Outsourcing: 5 Mistakes You Must Avoid Before Choosing a Provider

By Allan Watton on May 30, 2017

Outsourcing MistakesOutsourcing is a tempting proposition for any company that feels the strain of a bloated workforce and high service delivery costs.

After all, the theoretical arguments in favour of outsourcing are compelling – you leverage the expertise of an external party, who are better qualified to deliver a more efficient (and less costly) service.

Unfortunately, a theoretical benefit does not always translate well into reality. At Best Practice Group, we have seen more failing service provider partnerships than we could possibly keep count of. Although we have become extremely adept at recovering such relationships (and often when the purchaser feels that there is no possible way to do so), we would much prefer to help establish mutually beneficial partnerships from the outset.

With that in mind, I would like to share with you five of the most common mistakes I see made before contracts are signed. In avoiding the following mistakes, you will ensure that your outsourcing partnership has a far greater chance of success in the long run.

1. Not Recognising the Prerequisites

Outsourcing is not a cure-all for any and all service delivery issues. On the contrary – if you are dealing with an “issue”, it is probably not ready to be outsourced.

We discussed this In a previous article regarding strategic commissioning, when we stated that you should never outsource a problem. The same advice applies to the private sector. Whilst it can be tempting to pick up a troublesome aspect of your business and lay it on an external party’s lap, you are fooling yourself if you think that will cure the problem. All you’ve done is move it.

In order for a service to be effectively outsourced, it must already be running healthily.

2. Not Recognising the Risks

There are two main factors that drive companies to outsourcing:

  1. Cost
  2. Quality of service

The assumption is that by outsourcing, the above two aspects can be positively affected. Such an assumption can be dangerous.

Even the best laid plans can go awry. The decision to outsource must be taken with the understanding that it could go wrong – that costs could rise, and/or service delivery could fall.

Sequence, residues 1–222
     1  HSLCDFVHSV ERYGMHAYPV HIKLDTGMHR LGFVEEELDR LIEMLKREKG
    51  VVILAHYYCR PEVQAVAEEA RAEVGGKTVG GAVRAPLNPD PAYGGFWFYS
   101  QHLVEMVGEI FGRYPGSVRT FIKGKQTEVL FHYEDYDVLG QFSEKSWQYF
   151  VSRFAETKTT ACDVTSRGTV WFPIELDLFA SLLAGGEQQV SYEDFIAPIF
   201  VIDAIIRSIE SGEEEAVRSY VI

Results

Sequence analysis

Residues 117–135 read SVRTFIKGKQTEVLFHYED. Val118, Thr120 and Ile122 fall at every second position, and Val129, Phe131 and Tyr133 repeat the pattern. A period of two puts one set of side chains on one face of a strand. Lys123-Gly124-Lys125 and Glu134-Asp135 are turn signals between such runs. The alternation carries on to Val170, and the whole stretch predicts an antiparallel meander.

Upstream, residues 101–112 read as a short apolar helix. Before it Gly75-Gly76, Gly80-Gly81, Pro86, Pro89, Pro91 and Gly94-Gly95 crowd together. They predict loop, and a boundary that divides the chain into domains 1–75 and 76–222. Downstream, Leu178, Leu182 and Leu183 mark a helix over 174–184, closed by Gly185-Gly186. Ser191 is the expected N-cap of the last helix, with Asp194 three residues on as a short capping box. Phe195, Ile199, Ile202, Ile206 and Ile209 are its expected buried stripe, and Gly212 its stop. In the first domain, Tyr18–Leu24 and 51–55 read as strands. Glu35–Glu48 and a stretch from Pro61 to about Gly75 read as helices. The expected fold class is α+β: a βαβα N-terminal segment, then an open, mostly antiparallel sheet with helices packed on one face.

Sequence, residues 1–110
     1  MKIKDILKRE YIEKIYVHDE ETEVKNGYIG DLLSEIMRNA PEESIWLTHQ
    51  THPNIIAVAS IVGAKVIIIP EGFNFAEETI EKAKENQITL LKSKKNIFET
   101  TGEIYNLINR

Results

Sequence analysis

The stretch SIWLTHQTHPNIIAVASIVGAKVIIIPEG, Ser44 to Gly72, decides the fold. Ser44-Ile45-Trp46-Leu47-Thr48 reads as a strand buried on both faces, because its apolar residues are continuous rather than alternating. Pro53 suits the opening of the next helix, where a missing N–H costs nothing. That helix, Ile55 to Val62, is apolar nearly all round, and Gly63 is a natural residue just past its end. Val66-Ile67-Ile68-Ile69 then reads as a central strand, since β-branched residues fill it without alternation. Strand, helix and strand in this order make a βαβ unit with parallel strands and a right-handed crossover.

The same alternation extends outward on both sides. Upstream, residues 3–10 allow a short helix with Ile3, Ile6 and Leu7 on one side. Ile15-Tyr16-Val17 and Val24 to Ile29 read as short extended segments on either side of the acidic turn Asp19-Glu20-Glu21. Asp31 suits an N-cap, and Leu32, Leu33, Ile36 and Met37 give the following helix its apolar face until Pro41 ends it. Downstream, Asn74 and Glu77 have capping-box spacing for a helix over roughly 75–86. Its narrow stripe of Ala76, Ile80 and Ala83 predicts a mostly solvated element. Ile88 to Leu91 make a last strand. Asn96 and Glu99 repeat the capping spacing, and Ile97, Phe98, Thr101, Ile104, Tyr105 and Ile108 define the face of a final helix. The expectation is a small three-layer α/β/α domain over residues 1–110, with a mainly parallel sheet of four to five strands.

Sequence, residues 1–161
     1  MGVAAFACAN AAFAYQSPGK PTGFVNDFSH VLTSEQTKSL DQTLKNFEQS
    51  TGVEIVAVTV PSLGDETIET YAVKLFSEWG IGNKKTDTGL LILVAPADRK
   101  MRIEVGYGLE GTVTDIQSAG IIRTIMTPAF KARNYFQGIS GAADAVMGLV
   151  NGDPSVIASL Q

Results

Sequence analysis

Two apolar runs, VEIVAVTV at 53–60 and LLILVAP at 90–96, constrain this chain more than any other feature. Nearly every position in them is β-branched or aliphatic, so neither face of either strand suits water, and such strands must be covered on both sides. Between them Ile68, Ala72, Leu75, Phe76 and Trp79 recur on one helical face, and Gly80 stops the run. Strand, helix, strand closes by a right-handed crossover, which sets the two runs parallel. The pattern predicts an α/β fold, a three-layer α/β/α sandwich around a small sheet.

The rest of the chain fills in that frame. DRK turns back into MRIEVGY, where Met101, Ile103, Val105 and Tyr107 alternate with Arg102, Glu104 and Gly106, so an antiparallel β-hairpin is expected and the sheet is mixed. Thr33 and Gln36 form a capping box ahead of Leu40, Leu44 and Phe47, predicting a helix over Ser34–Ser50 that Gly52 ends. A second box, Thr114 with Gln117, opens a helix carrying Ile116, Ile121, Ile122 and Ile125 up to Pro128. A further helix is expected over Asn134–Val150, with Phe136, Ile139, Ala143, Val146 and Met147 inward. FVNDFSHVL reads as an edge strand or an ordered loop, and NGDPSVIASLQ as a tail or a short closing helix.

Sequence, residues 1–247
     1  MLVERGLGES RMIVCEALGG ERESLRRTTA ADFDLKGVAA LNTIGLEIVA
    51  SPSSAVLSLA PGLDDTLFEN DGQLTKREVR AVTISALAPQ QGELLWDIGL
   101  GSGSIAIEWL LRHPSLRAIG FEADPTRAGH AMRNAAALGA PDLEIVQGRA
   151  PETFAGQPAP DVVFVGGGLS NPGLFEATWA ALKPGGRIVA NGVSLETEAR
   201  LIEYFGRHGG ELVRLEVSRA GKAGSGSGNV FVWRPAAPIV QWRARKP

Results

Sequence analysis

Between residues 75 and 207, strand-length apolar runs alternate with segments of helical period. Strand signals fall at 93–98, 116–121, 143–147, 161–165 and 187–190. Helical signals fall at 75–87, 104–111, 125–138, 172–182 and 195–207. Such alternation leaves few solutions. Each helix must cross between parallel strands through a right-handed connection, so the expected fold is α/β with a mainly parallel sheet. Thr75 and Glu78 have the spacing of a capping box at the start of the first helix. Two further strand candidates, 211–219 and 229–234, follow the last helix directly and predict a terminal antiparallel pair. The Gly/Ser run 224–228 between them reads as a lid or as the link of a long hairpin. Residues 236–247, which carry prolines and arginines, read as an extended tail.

There is always an element of risk in outsourcing, and that risk must be assessed carefully as part of your decision-making process.

3. Failing to Achieve Internal Consensus

Many of the service provider relationships we see are characterised by a lack of internal consensus.

If you don’t get the whole team (and especially senior executives) to buy into agreed goals and outcomes, you can essentially kiss goodbye to an effective outsourcing programme before it has even started. Doing so can be one of the most challenging parts of the outsourcing process, which is why it is often neglected. Do so at your peril.

4. Failing to Set Clear Expectations

We are always keen to remind companies that there are a number of “implied” contract terms that work in their favour when it comes to outsourcing. Our article on a service provider’s duty to warn covered this in detail.

However, implied terms should only be relied upon when absolutely necessary, and doing so often serves to highlight a fractured service provider partnership.

Furthermore, such implied terms work on both sides of the fence. For instance, Anglo Group PLC versus Winther Browne & Co Ltd [2000] set legal precedence that the purchaser must take reasonable steps to ensure that the outsourcing partner understands their needs, and by extension, the clear measurable outcomes that are expected.

This is something that you must do before you engage with a service provider, so that they can tender accordingly, and effectively plan towards meeting your desired business outcomes.

5. Not Prioritising Contract Negotiations

Some outsourcing companies will attempt to brush contract negotiations under the carpet until you have selected them as a preferred provider, at which stage, they will attempt to “bully” you into accepting sub-par terms.

This is something that you must avoid at all costs. Making contract negotiations part of the tendering process allows for greater competitiveness, and full transparency on the pros and cons of engaging with any particular provider.

Focus on Clear Objectives and Act Accordingly

Whilst it can be easier to press on in the face of internal debate, or concede contractual negotiations in order to expedite the tendering process, making the more difficult (but worthwhile) choices will pay off enormously in the long run.

Whenever you find yourself in a position where you feel that you may be compromising your position, ask yourself whether or not the potential compromise may affect your desired business outcomes. If the answer is yes, you should stand your ground. If the answer is no, you may be in a position to take a practical viewpoint and move forward accordingly.

Creative Commons photo courtesy of Alex E. Proimos

Free ebook download, click here!

Comments are closed.